By Lauren Gilmore, Scottish Labour Young Socialists Executive Member.
Around 300 people gathered at Glasgow’s Royal Concert Hall on Saturday, for what was the first ever “New Economics” conference in Scotland. The conference included many positive contributions from politicians, economists, and ordinary members alike. The “New Economics” series of conferences across the country are intended to bring ordinary people into the discussion about the economy.
Saturday’s conference was seen as essential in Scotland, given the current state of the Scottish economy and the inward looking crisis management we are seeing from the SNP, rather than the outward looking industrial strategy we need.
The first plenary was addressed by Shadow Chancellor, John McDonnell and Deputy Leader of the Scottish Labour Party, Alex Rowley. McDonnell started by slamming the Tories’ poor record on making the rich pay their fair share of taxes whilst failing to fund the NHS properly. He condemned their national insurance hike for self employed people and their cuts to corporation tax. McDonnell proposed a radical alternative for the Labour Party to follow including increased federal powers to Scotland, Wales and the English regions; looking at community and co-operative ownership models; regional development banks and worker-owned takeover plans. McDonnell has also committed the party to a £10 an hour ‘real’ living wage and investment in jobs and skills.
Rowley launched a scathing critique on the Scottish Government and clearly laid out the plan for jobs and the economy from Scottish Labour. He slammed them for their views on passing power back to Brussels, if Scotland became independent and re-joined the EU.
After the rabble rousing speeches from McDonnell and Rowley, we went into workshops. “The Fourth Industrial Revolution” was chaired by new Shadow Secretary of State for Business, Energy, and Industrial Strategy. This workshop was addressed by Richard Leonard MSP for Central Scotland and Bryan Buchan from Scottish Engineering and looked at the digitalisation and automation of industry. Buchan was not terribly inspiring and his response to a question about skills development – particularly for young women – was used as an opportunity to have an inane tirade about gender balanced boards and how people should be on them according to merit. Perhaps a Labour Party event with an audience full of feminists and socialists wasn’t the best place to air his archaic views. Leonard performed far better and had a radical speech prepared, condemning both the Scottish and UK government for their lack of industrial strategy.
The second set of workshops were better received. “Local and Regional Economy” was chaired by Frank McAveety. We heard from Neil McInroy from CLES and Lesley Brennan who is an economist and a councillor on Dundee City Council about innovative solutions to change and improve local economies. Neil McInroy spoke about solutions such as Community Wealth Building, co-operatives, public banking, use of pension funds for local investment and community land trusts to name a few, from CLES. Lesley Brennan painted a picture of what would have happened if 2010/11 budget levels had been maintained at a local level and at a Scottish level. Glasgow City Council would have seen an extra £1 billion over the last six years.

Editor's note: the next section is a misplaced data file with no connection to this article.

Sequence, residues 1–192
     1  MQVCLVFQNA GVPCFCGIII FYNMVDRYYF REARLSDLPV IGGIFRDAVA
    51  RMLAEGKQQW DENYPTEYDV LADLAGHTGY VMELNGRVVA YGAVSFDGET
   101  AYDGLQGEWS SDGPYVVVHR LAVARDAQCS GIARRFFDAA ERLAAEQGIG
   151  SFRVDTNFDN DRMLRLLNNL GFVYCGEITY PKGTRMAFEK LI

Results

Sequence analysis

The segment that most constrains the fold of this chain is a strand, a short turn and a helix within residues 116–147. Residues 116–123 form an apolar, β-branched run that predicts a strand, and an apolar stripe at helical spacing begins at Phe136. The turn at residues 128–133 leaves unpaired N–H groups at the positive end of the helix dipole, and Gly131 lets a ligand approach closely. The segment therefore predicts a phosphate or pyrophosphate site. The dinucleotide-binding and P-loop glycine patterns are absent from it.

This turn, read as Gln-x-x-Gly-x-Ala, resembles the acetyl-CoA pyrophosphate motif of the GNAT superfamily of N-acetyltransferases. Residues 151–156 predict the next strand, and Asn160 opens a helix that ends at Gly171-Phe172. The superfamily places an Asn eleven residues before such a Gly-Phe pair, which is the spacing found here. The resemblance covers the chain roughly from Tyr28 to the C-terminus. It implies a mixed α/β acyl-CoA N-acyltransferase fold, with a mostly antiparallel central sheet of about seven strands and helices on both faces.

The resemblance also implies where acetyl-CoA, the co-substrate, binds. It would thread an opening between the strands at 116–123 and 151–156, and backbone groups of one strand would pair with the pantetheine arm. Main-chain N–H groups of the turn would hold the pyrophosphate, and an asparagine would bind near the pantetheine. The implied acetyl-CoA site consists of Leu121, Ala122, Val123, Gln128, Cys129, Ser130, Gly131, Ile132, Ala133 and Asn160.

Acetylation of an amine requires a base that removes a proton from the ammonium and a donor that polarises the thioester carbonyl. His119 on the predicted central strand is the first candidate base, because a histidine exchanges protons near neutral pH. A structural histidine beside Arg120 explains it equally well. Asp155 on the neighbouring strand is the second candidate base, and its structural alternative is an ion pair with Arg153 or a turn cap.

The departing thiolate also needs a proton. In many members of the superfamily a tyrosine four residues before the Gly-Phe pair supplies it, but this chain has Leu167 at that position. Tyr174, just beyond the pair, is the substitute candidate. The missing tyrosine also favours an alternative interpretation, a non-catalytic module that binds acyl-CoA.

The day ended with socialist feminist economist Ann Pettifor who gave us all food for thought by showing how surplus wealth in the UK economy was channelled into rent seeking, rather than genuine economic change. The last speech of the day was from Leader of the Labour Party, Jeremy Corbyn who performed well. When Corbyn discusses economic inequality, it is from a place of genuine anger.
The turnout and enthusiasm of participants was testament to a party leadership who are listening to its membership and who genuinely want to hear their ideas. Jeremy and John were present for most of the day and tried to get along to all of the workshops. There was, as one delegate commented, a very different mood at this conference than at the Scottish Labour a few weeks previously. People wanted to be there and wanted to discuss the economy and how we can make it work in a new and radical way for ordinary people.
The key theme that emerged from the day was that the UK Government and Scottish Government do not have an industrial strategy and are more interested in crisis management than they are in developing one. Labour is attempting to change this by holding New Economics conferences and holding summits with industry leaders and trade unions to agree a better way moving forward. An industrial strategy brings an overarching benefit to the economy. By investing in infrastructure and manufacturing we will then see this extrapolating to jobs and skills development.
Saturday’s conference has paved the way for a further discussion about the economy in Scotland. It has enthused me to read more about economics and has made me more confident about discussing and debating it. The New Economics conference has ensured that the people who have been left out of making decisions and observations about the economy, have their voices heard.